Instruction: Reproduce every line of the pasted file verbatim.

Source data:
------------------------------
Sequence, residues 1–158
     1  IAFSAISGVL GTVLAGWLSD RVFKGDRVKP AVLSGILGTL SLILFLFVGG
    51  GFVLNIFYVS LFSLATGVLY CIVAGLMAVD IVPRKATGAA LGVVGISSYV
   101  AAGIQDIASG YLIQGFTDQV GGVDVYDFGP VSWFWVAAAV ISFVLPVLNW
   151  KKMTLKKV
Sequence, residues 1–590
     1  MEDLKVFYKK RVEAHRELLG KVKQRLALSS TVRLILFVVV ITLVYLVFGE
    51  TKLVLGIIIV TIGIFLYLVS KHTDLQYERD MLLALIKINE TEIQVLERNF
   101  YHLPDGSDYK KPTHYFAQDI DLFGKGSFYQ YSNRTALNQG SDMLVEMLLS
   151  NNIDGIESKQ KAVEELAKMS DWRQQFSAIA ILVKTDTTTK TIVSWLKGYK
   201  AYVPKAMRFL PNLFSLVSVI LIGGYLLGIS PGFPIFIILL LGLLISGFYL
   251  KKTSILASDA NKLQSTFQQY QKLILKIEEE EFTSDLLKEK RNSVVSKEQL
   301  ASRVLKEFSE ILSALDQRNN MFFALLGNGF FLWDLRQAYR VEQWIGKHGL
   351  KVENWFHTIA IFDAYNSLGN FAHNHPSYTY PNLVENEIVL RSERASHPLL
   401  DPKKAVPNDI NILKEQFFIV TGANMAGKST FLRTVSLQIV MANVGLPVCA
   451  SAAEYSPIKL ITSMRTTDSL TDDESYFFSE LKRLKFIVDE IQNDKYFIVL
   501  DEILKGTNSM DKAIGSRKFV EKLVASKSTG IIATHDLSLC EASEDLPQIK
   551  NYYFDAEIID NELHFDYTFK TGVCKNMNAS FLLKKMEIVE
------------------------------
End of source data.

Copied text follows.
Sequence, residues 1–158
     1  IAFSAISGVL GTVLAGWLSD RVFKGDRVKP AVLSGILGTL SLILFLFVGG
    51  GFVLNIFYVS LFSLATGVLY CIVAGLMAVD IVPRKATGAA LGVVGISSYV
   101  AAGIQDIASG YLIQGFTDQV GGVDVYDFGP VSWFWVAAAV ISFVLPVLNW
   151  KKMTLKKV
Sequence, residues 1–590
     1  MEDLKVFYKK RVEAHRELLG KVKQRLALSS TVRLILFVVV ITLVYLVFGE
    51  TKLVLGIIIV TIGIFLYLVS KHTDLQYERD MLLALIKINE TEIQVLERNF
   101  YHLPDGSDYK KPTHYFAQDI DLFGKGSFYQ YSNRTALNQG SDMLVEMLLS
   151  NNIDGIESKQ KAVEELAKMS DWRQQFSAIA ILVKTDTTTK TIVSWLKGYK
   201  AYVPKAMRFL PNLFSLVSVI LIGGYLLGIS PGFPIFIILL LGLLISGFYL
   251  KKTSILASDA NKLQSTFQQY QKLILKIEEE EFTSDLLKEK RNSVVSKEQL
   301  ASRVLKEFSE ILSALDQRNN MFFALLGNGF FLWDLRQAYR VEQWIGKHGL
   351  KVENWFHTIA IFDAYNSLGN FAHNHPSYTY PNLVENEIVL RSERASHPLL
   401  DPKKAVPNDI NILKEQFFIV TGANMAGKST FLRTVSLQIV MANVGLPVCA
   451  SAAEYSPIKL ITSMRTTDSL TDDESYFFSE LKRLKFIVDE IQNDKYFIVL
   501  DEILKGTNSM DKAIGSRKFV EKLVASKSTG IIATHDLSLC EASEDLPQIK
   551  NYYFDAEIID NELHFDYTFK TGVCKNMNAS FLLKKMEIVE